08 Dec 2017 13:27 IST

Mercator in rough waters as Indonesian arm shuts

Court cases could spoil firm’s plans to sell the coal mine

A coal mine in Indonesia’s Kalimantan Province run by a unit of Mumbai-listed Mercator Ltd has been shut since October 15 after the mining company’s local partners dragged the Indian firm to court over a dispute on shareholding.

Mercator is facing three court cases and three police cases in Indonesia, a development that could spoil its plans to sell the mine, which has been a cash cow for the group led by HK Mittal. From a purely ship-owning company, Mercator has diversified into coal, oil and gas, commodity transportation and dredging.

Huge debt burden

The mining company owes some $27 million to ICICI Bank, of some $45 million borrowed to build the mine.

Earlier this year, Mercator decided to exit the coal mining business in Indonesia. It entered that country in November 2010 through an agreement with a local partner and first shipped coal in 2012.

The four-million-tonne (mt) capacity mine has been producing 1.5 mt of coal a year and is a profitable venture.

Through a step-down subsidiary, Mercator held a 46.25 per cent stake in the mine — PT Karya Putra Borneo. Suhadi Zaini, an Indonesian citizen and a director of PT Indo Perkasa, held 45.61 per cent and Kritipal Singh Raheja, the Managing Director of PT Indo Perkasa, owned a 7.5 per cent stake.

The balance 0.64 per cent was held by Ardiansyah Muchsin, a local.

Irrevocable MoA

On February 15, 2017, the partners signed an “irrevocable” Memorandum of Agreement (MoA) to sell their shares and the company, outlining three options.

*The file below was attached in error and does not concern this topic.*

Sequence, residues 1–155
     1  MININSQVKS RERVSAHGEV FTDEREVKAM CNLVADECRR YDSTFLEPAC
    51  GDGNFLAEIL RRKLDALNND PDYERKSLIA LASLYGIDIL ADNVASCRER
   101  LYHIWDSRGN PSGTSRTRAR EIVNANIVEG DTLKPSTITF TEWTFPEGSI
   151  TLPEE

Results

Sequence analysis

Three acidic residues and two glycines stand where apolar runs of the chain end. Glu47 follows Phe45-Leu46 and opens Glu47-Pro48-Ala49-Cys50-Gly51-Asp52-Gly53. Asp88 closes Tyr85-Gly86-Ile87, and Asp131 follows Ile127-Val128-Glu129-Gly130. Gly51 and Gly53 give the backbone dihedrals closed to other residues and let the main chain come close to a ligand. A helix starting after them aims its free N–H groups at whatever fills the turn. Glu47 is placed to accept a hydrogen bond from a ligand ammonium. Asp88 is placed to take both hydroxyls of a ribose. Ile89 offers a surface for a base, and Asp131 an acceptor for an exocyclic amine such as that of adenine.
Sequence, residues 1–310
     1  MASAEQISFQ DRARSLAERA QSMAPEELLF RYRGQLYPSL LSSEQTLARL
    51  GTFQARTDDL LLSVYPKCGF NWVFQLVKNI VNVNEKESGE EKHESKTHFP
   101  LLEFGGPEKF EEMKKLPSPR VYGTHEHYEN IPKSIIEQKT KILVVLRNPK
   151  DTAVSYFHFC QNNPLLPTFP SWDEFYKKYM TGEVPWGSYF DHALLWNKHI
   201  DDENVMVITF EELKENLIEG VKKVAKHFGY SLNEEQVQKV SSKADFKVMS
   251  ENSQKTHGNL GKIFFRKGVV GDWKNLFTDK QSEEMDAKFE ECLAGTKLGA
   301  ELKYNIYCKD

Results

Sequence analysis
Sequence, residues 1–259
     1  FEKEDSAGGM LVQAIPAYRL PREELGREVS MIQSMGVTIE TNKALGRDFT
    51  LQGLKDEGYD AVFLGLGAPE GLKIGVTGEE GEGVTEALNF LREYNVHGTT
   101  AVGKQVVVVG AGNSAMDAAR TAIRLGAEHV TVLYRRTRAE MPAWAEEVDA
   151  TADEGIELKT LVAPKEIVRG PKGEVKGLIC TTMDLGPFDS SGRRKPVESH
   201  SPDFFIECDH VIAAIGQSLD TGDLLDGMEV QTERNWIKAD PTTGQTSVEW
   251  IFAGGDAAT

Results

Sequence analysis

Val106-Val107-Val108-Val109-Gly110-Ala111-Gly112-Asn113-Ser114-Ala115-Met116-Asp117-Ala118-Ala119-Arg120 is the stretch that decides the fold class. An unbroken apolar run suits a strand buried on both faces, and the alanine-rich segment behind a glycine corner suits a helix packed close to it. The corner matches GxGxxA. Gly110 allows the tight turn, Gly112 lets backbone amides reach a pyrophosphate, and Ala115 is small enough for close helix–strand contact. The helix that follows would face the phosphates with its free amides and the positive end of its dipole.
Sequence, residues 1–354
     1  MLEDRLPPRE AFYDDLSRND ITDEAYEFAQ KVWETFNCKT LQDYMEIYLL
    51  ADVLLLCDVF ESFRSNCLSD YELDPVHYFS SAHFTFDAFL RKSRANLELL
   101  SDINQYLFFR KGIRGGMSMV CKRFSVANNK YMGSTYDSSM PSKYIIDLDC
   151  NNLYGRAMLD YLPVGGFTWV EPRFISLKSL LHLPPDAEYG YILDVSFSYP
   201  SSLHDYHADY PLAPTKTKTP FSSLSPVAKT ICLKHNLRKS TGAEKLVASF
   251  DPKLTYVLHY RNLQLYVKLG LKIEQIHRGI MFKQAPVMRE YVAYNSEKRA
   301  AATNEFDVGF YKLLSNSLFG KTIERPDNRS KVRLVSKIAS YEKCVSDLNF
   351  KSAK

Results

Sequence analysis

Under the first option, Mercator would exit the mine by selling a 99.36 per cent stake, comprising its own shares and those held by Zaini and Raheja, to a new buyer.

Zaini and Raheja had the tag-along rights to sell their shares to the buyer at the same valuation offered to Oorja Holding, the subsidiary of Mercator. In the second option, Mercator would first buy 35 per cent out of the 45.61 per cent held by Zaini for $10 million and the balance 10.61 per cent at the prevailing sale price.

The MoA stipulated a six-month time-line, till August 15, to complete the first two options.

Under option 3, if Mercator could not find a buyer for the mine by August 15, Zaini had the right to buy out the 46.25 per cent stake held by Mercator within 30 days (between August 16 and September 14) at $15 million.

Mercator is currently holding 99.36 per cent of the mining company shares under a nominee arrangement.

Under Indonesian laws, a foreign company can only own a 49 per cent stake in a venture.

After the expiry of the six-month period mentioned in the MoA, Zaini exercised his right to buy out Mercator but was spurned by the Indian company, according to court documents reviewed by BusinessLine .

That aside, Mercator also sacked both Zaini and Raheja as directors from the mining company through two deeds executed on August 31 and September 6.

Zaini and Raheja have filed suits in Indonesian courts citing default on the MoA by Mercator and seeking to overturn their dismissals, arguing that they were “arbitrary, illegal and unlawful”, besides urging the courts to declare the deeds as “invalid and nullify” them.

Operations stopped

They are also seeking the court’s permission to repossess their combined 53.11 per cent shareholding in the mine from Mercator.

“There is a big dispute going on. Mining operations have stopped for the past seven weeks. The company is losing money,” said a person briefed on the development.

HK Mittal, the Executive Chairman of Mercator, did not respond to an email seeking comment.

The dispute has delayed the announcement of Mercator’s July-September quarterly results. Nor has this been communicated to the stock exchanges.

In November, the firm raised Rs. 145.41 crore through a Qualified Institutional Placement at a premium of Rs. 43.65 per equity share.